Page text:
1. The regulatory framework set-up by the 3rd Internal Energy Market Package has to be further developed to deliver a seamless internal energy market to citizens and companies. The Commission will review the regulatory framework, in particular the functioning of ACER and the ENTSOs, in 2015-2016 and will propose appropriate actions to reinforce the European regulatory framework.
  1. Regional approaches to market integration are an important part of the move towards a fully integrated EU-wide energy market. The Commission will develop guidance on regional cooperation and engage actively in regional cooperation bodies with Member States and stakeholders.
  1. Greater transparency on energy costs and prices as well as on the level of public support will enhance market integration and identify actions that distort the internal market. The Commission will produce biennial reports on energy prices, analyse in depth the role of taxes, levies and subsidies and seek the phasing out of regulated prices below cost. At the national and local levels, action should be taken to protect vulnerable consumers through social policies.
  1. The EU has set itself the target of reaching at least 27% energy savings by 2030.
  • In 2015 and 2016, the Commission will review all relevant energy efficiency legislation and will propose revisions, where needed, to underpin the 2030 target.
  • Member States and regions should make more use of European funds for renovation of housing.
  1. Buildings have huge potential for energy efficiency gains. Retrofitting existing buildings to make them energy efficient and making full use of sustainable space heating and cooling will reduce the EU's energy import bills, reinforce energy security and cut energy costs for households and businesses. The Commission will:
  • develop a ‘Smart Financing for Smart Buildings’-initiative to make existing buildings more energy-efficient, facilitating access to existing funding instruments;
  • propose a strategy to facilitate investment in heating and cooling.
  1. The EU needs to speed up energy efficiency and decarbonisation in the transport sector, its progressive switch to alternative fuels and the integration of the energy and transport systems. The Commission will:
  • Propose a comprehensive road transport package promoting more efficient pricing of infrastructure, the roll-out of intelligent transport solutions and enhancing energy efficiency.
  • take further action to create the right market conditions for an increased deployment of alternative fuels and to further promote procurement of clean vehicles. This will be delivered through a mix of national, regional and local measures, supported by the EU.
  1. The EU agreed a climate and energy framework for 2030 at the October European Council. This now needs to be implemented. The EU will provide an ambitious contribution to the international climate negotiations. The Commission will propose legislation to achieve the greenhouse gas reduction target agreed at the October 2014 European Council both in the Emissions Trading System and in the sectors outside the Emissions Trading System.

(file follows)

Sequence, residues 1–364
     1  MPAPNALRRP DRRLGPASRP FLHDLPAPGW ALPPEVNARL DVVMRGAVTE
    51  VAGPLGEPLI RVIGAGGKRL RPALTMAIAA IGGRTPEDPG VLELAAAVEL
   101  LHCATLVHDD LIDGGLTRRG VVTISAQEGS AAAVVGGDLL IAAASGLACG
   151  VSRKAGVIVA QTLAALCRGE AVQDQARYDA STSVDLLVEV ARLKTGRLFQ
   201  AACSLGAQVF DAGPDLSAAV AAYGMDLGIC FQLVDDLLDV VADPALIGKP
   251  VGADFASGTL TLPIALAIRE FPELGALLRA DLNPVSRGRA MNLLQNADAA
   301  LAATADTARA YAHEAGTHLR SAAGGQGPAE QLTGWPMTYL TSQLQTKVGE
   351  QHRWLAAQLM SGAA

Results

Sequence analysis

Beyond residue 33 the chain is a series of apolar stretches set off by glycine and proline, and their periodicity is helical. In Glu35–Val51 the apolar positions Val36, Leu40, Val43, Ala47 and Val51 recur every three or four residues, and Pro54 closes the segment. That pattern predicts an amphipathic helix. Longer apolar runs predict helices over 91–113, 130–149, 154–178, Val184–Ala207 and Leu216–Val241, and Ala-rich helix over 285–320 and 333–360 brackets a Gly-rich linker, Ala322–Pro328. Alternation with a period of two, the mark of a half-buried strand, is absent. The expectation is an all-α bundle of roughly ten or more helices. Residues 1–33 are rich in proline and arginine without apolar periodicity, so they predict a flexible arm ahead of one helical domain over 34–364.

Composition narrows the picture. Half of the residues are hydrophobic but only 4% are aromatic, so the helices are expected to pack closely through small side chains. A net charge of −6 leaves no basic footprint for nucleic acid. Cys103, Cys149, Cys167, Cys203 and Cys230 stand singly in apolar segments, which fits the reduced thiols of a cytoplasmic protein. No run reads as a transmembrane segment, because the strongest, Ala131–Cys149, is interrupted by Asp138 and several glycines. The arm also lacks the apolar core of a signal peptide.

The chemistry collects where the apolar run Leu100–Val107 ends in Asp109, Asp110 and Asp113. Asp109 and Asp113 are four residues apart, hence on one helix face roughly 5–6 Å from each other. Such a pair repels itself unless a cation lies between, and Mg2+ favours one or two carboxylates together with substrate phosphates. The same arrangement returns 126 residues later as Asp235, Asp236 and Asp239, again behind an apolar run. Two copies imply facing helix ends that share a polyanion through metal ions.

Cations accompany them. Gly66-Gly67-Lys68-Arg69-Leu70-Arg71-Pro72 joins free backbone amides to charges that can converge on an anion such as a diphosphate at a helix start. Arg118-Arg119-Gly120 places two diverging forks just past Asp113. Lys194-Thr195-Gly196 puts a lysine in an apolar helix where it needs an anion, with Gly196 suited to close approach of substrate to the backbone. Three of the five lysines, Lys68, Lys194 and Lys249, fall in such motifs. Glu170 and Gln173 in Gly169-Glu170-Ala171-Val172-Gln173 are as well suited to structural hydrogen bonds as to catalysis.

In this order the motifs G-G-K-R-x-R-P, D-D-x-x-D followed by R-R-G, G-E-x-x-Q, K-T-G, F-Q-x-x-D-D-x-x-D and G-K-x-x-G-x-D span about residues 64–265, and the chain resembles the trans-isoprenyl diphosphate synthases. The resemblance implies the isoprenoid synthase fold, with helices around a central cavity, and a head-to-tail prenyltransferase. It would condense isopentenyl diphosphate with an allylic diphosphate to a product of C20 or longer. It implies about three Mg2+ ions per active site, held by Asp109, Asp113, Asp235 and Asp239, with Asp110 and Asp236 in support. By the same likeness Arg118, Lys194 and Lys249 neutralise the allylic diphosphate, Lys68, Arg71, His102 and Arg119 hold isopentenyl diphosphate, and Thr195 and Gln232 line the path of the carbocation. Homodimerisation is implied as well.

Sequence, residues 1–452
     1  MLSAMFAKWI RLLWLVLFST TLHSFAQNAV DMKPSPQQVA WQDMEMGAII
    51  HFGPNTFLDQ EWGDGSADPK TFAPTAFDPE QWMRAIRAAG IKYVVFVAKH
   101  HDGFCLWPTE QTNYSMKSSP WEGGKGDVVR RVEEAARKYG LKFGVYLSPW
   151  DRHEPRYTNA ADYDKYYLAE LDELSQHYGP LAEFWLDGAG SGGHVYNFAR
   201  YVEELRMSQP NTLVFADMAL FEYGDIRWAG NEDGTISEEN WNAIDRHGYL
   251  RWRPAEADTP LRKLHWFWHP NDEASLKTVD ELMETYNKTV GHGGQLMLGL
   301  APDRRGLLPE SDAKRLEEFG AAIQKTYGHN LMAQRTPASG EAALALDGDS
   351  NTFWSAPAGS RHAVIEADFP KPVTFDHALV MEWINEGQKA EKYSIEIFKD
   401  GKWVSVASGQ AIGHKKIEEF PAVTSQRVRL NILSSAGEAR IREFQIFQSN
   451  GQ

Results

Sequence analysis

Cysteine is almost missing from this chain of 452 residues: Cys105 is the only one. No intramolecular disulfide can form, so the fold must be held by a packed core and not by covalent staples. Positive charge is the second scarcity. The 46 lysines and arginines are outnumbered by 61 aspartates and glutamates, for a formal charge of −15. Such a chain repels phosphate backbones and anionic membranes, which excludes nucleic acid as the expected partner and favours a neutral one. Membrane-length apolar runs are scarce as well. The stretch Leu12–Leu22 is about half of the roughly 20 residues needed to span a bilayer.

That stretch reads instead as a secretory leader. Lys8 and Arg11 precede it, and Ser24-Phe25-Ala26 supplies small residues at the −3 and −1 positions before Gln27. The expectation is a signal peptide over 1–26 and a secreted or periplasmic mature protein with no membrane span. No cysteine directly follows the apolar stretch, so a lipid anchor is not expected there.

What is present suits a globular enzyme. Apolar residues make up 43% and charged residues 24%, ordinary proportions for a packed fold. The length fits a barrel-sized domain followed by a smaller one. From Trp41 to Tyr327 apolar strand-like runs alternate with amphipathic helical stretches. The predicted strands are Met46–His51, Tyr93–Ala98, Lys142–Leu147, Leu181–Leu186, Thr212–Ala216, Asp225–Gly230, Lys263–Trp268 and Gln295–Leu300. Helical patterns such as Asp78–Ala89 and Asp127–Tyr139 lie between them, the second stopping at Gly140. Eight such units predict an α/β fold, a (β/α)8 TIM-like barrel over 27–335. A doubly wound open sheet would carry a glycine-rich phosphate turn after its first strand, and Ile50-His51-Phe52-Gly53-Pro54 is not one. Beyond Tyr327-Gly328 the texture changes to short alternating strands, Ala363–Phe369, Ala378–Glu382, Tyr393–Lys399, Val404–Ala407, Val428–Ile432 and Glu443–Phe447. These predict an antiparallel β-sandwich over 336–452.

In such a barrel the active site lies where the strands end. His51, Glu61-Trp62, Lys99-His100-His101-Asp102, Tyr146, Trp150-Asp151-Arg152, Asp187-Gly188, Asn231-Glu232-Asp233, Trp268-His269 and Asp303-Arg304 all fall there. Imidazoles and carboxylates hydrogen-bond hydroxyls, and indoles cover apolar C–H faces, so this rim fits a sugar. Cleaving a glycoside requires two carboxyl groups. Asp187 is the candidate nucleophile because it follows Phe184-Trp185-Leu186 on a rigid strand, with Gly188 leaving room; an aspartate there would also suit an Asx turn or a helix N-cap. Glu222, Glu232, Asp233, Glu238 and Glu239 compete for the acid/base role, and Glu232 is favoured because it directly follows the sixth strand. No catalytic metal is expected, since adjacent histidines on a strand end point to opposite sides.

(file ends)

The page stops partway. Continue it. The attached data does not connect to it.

1. The EU has agreed the target of at least 27% at EU level for renewable energy by 2030. The Commission will propose a new Renewable Energy Package in 2016-2017. This will include a new policy for sustainable biomass and biofuels as well as legislation to ensure that the 2030 EU target is met cost-effectively.
  1. The EU needs to develop a forward-looking, energy and climate-related R&I strategy to maintain European technological leadership and expand export opportunities. The Commission will:
  • propose a European energy R&I approach, comprising an upgraded Strategic Energy Technology Plan and a strategic transport R&I agenda, with a limited number of essential priorities and clear objectives, in 2015-2016.
  • develop an initiative on global technology and innovation leadership on energy and climate to boost jobs and growth.
  1. The EU will use all external policy instruments to ensure that a strong, united EU engages constructively with its partners and speaks with one voice on energy and climate.
  • The Commission, with the HR/VP, and the Member States will revitalise the EU's energy and climate diplomacy.
  • The Commission, with the HR/VP, will develop an active agenda to strengthen EU energy cooperation with third countries, including on renewable energy and energy efficiency.
  • The Commission will make full use of the EU's external trade policy to promote access to energy resources and to foreign markets for European energy technology and services.


timeline energy union

So far as for the facts. And now some early thoughts on my side.